Houston, Texas – Houston ran up hundreds of thousands of dollars in legal support fees after deciding not to renew its 5-year, $16.3 million water treatment contract with United Water in 2001. After a six-year legal dispute over unpaid bills and improper maintenance, both sides finally decided to drop the case in September 2007.14 Rockland County, N.Y. – In 2008, United Water New York paid a $10,000 fine for releasing too much water from the Lake Deforest Reservoir in Rockland County.15 Meanwhile, but unrelated, residents of West Nyack, N.Y., and River Vale, N.J., sued the company for $130 million in 2008 after it allegedly allowed their homes and businesses to flood.16 In 2009, Rockland County residents became concerned that the desalination plant that United Water planned to build along the Hudson River would be costly, risky and environmentally unsound.17 Fairfield and Suisun, Calif. – In 2008, the board of the Fairfield-Suisun Sewer District unanimously voted to cancel its wastewater contract with United Water. Consultants hired by the city found that public operation should stabilize sewer rates and save 10 to 15 percent a year on operation costs after 2008.18

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Ways Forward

These cases are just a few examples of what happens when corporate interests reign supreme over the public good. Companies like United Water have underserved communities while padding the pockets of stockholders. From sewage spills to maintenance delays, poor service and neglect plague their customers. As communities across the nation will attest, privatization does not work. It often fails.

Suez Environnement. French Financial Markets Authority. Reference Document 2008. April 14, 2009 at 36, 69 and 70; Harding, Tony. United Water. “Our responsibility to build a better community.” Presented at the 2005 National Drinking Water Symposium, National Association of Water Companies. October 31, 2005 at 3. Suez Environnement, 2009 at 70; “Suez completes United Water Resources acquisition.” Global Water Intelligence, vol. 1, iss. 8. August 2000. “Suez’s US strategy: United forever.” Global Water Intelligence, vol. 7, iss. 12. December 2006. “US outsourcing activity picks up.” Global Water Intelligence, vol. 10, iss. 4. April 2009 at 9. Chertoff, Larry. “US private firms shrink from weak deals.” Global Water Intelligence, vol. 4, iss. 8. August 2003; Bennett, D.L. and Julie B. Hairston. “Atlanta may throw out private water utility operator.” Atlanta Journal Constitution. January 19, 2003; Rubenstein, Sarah. “City blasts United Water,” Atlanta Business Chronicle. August 9, 2002. Torpy, Bill. “Campbell divides Atlantans – again.” Atlanta Journal-Constitution. January 15, 2006. Cook, Rhonda. “Prison term cut for ex-Mayor Campbell.” Atlanta Journal-the Constitution. March 1, 2008. Koller, Frank. “Water privatization in Atlanta, Georgia — a cautionary tale.” CBC Radio. February 5, 2003. Behm, Don. “2 French firms vie for MMSD contract.” Milwaukee Journal Sentinel. September 22, 2007; Theiler, Don. King County Department of Natural Resources, Wastewater Treatment Division. Brown and Caldwell. “United Water Performance Evaluation.” (TS-2386). June 20, 2003 at 2. Wisconsin Legislative Audit Bureau. “An Evaluation: Milwaukee Metropolitan Sewerage District.” (02-12). July 2002 at 5. Rohde, Marie and Steve Schultze. “Sewage dumped in May: 4.6 billion gallons.” Milwaukee Journal Sentinel. May 29, 2004. Rohde, Marie. “Review raises concerns about sewage upkeep.” Milwaukee Journal Sentinel. June 24, 2003; Theiler, 2003 at 2. Behm, Don. “MMSD won’t renew deal with operator.” Milwaukee Journal Sentinel. November 17, 2007. Colley, Jenna. “Legal deluge inundates first city water plant privatization effort.” Houston Business Journal, vol. 33, iss. 14. August 16, 2002 at 7; City of Houston, Appellant v. United Water Services, Inc., Appellee. No. 01-07-00559-CV (Court of Appeals of Texas, First District. September 20, 2007). New York State Department of Environmental Conservation. [Press release]. “United Water fined for excess releases from reservoir.” US Fed News Service. August 13, 2008. Incalcaterra, Laura. “NJ residents join West Nyack lawsuit against United Water.” The Journal News. July, 16, 2008; Suez Environnement, 2009 at 284. Incalcaterra, Laura. “Rockland forum spotlights Hudson River treatment plant, but without company that wants to build it.” The Journal News. April 30, 2009. Eberling, Barry. “Sewage board to have district run plant.” Fairfield Daily Republic. January 29, 2008.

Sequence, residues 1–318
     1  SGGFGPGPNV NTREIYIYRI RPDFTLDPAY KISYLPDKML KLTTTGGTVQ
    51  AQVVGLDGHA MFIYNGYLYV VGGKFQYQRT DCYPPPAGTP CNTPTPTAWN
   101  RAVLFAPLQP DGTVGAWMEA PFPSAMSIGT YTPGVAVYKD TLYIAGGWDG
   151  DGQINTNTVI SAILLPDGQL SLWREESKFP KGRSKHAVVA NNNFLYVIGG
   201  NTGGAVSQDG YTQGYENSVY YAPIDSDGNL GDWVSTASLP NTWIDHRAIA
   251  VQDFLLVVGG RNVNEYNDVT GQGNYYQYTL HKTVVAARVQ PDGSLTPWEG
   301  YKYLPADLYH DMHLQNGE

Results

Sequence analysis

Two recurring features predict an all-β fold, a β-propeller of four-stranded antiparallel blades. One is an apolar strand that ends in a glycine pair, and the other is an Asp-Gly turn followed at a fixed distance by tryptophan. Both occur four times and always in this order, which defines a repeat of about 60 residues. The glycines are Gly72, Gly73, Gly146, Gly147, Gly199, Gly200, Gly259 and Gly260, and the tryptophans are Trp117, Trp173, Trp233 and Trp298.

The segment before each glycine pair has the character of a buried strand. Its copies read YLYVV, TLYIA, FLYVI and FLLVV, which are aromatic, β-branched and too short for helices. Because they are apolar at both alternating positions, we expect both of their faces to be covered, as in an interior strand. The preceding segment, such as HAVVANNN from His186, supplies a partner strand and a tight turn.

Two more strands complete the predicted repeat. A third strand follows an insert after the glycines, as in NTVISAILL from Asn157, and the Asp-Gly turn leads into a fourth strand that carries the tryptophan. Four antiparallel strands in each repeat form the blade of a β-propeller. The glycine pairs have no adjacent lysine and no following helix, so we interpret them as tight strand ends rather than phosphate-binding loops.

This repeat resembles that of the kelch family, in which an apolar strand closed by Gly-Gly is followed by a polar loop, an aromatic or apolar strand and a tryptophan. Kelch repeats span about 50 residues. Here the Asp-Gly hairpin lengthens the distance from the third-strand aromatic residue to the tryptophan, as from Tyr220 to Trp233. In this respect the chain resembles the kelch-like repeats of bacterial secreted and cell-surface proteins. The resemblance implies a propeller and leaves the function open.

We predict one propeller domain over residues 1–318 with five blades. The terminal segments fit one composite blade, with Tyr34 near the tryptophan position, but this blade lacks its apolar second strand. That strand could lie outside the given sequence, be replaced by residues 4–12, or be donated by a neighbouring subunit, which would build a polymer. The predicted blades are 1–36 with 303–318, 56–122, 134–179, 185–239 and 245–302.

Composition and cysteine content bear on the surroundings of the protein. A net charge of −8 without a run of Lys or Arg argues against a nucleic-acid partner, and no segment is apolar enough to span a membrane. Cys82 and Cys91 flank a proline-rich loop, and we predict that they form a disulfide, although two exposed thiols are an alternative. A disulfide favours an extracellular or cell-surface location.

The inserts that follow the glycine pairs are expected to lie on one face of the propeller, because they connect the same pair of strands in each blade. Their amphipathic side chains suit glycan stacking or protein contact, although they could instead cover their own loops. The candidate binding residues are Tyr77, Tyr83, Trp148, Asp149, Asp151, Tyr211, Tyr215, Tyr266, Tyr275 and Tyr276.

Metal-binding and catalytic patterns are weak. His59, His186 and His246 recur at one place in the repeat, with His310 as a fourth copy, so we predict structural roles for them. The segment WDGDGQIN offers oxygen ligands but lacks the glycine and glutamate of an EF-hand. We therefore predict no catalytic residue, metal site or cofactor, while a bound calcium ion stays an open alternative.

For more information: web: www.foodandwaterwatch.org email: info@fwwatch.org phone: (202) 683-2500 (DC) • (415) 293-9900 (CA) Copyright © June 2009 Food & Water Watch